The 2015 UK General Election is going to to be the tightest contest in this country in many years. This post shows my thought process as we reach Polling Day tomorrow, Thursday 7th May 2015. I am not telling anyone else how to vote, just explaining and documenting my thoughts for posterity and for the sake of my own poor memory!
Frankly I think the nature of this year’s election proves once again, because it has been proven before, the current electoral system is broken. We need some proportional system even if that does let in the likes of UKIP when they become popular – I suppose one argument in favour of FPTP is it smoothes out such trends although the SNP in Scotland may be about to blow that argument out of the water.
But we’re stuck with ‘first past the post’ which means many constituencies are reduced to a two-horse race between two candidates and if you don’t like either of them, tough, your vote is effectively wasted*. Or if, like me, you’re a floating voter who makes a decision in the run up to Polling Day, it makes the decision quite difficult.
This is where tactical voting comes in. Floating voters (“undecideds”) and supporters of other parties voting for the 2nd most popular candidate, regardless of their affiliation, to try to beat the incumbent.
* It actually may not be wasted this year. If there’s a hung parliament as seems certain, could the total number of votes for each party be an influencing factor? If it is – well that’s a damn good reason for people even in ‘safe seats’ to go out and vote anyway. In this situation do you vote tactically or not? Do you go for national picture or local?
South West England is almost entirely a contest between Conservatives and Liberal Democrats. Check out this map of the 2010 results and you’ll see a sea of blue and yellow which is widely predicted to turn more blue this year.
When I lived in West Dorset I voted Lib Dem every time in the hope of trying to oust Oliver Letwin. He may well be a good constituency MP and a lot of locals rave about him, but on a national level he seems to want to privatise everything, including the NHS. If I still lived there I would happily vote the same way again, especially as this time the LD’s have their best candidate for that seat in years in Ros Kayes who is a very good local councillor with a lot of local support – though it has to be said the national slump of the party is probably going to cost her any chance of winning this time.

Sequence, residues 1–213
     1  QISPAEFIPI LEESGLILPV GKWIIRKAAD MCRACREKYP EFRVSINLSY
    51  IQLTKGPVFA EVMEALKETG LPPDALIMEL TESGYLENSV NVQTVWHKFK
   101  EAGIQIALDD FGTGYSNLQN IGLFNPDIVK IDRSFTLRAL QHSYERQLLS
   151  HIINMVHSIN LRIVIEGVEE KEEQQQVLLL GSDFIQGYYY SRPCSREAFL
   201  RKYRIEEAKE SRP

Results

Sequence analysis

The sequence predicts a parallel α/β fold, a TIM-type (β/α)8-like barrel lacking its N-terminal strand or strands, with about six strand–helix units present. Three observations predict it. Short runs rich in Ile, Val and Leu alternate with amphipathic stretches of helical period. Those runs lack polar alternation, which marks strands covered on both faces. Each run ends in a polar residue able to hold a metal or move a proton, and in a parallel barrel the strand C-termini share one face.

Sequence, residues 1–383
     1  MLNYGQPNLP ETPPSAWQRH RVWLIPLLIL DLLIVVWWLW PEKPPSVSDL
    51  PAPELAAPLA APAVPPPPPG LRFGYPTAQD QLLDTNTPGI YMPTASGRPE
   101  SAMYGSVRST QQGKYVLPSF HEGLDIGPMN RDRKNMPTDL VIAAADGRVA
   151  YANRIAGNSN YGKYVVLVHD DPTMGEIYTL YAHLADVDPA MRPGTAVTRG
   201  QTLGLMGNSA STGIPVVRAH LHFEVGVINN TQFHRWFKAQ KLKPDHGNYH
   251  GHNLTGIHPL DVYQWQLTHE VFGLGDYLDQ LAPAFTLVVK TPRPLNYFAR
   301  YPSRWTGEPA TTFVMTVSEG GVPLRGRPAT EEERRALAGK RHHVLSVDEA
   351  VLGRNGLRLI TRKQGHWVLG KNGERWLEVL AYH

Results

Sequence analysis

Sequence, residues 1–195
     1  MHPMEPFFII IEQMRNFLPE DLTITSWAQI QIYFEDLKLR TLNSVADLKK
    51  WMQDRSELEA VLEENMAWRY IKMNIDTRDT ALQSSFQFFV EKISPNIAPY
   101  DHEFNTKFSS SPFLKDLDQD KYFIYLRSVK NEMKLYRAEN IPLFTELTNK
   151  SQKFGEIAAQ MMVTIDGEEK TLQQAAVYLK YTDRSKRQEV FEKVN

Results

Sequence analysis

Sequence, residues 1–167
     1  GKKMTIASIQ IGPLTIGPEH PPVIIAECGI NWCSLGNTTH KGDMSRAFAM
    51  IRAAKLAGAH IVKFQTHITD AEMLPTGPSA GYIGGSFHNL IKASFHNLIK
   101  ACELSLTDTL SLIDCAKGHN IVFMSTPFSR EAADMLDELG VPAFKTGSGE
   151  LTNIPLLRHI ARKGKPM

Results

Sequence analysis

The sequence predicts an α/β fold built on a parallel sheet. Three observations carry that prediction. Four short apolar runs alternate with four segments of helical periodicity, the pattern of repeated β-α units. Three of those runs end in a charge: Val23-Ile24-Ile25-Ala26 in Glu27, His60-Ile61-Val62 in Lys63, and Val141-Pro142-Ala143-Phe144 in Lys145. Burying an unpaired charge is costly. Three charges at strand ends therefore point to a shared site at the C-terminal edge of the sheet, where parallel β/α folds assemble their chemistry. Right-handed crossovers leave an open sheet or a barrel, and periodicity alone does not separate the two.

In July I moved about 12 miles East which meant I crossed the border into East Devon. I now live in the constituency of Tiverton And Honiton, which was only created in 2010 and if you look at a map is a bit of a weird one, not following any cultural or administrative boundaries that I know about. Where I am it replaced a constituency running along the south coast from Exmouth to the Devon side of Lyme Regis, which to me makes much more sense.
I know little about the candidates here other than that the incumbent Conservative is a farmer and he has a bigger majority than Letwin does in West Dorset, yet I’d never heard of him. He appeared on BBC1’s ‘Sunday Politics’ in the South West region a few weeks ago and seemed reasonable enough, but then I looked up his voting record.
There are five candidates. I’ve received three leaflets, one each from the dominant parties from the last several elections, Tory and LibDem, plus the Greens. I’m not really any the wiser – they all support the town hospital (a contentious local issue) and they all like posing for photos with local people.
Considering each party in my constituency in turn. Again, not knowing much of anything about any candidate I’m going to stick to national issues.
Conservatives – Incumbent. I was at school in the 90s during John Major’s ‘Back To Basics’ era (read: no education funding whatsoever), and similar for health, I made a vow a long time ago never to vote Tory.
Yet.. they’ve actually done a better job than I expected back in 2010. They’ve reduced the deficit – okay, the total debt has skyrocketed but there seems to be some movement toward sorting it out and I doubt the others would’ve done any better. Perhaps my 5-6 years of having an accountancy-wired brain means I’m more sympathetic to their argument, and I am, I just don’t like how they’re doing it. Vast inequalities, crackdowns on benefits instead of mass tax evasion, etc. But the country hasn’t crashed and burned and the money hasn’t completely dried up. And I did get a house out of it.. or so I thought until I read up and discovered ‘shared ownership’ was around slightly before they came in.
I like that they’re tackling the EU from within, reducing the budget and offering a different take to France’s and Germany’s ‘ever-closer’ way. But I don’t want a referendum.
Cameron should be credited for shifting the party back to the centre than they would’ve been under a Michael Howard or similar. The fact this right-of-centre party legalised gay marriage is quite something and signifies this is culturally a different party to the one of the 90s.. but one that feels like it could regress at any moment. The food banks and the bedroom tax and the zero-hour contracts and the massive corporate tax evasion prove they haven’t changed that much.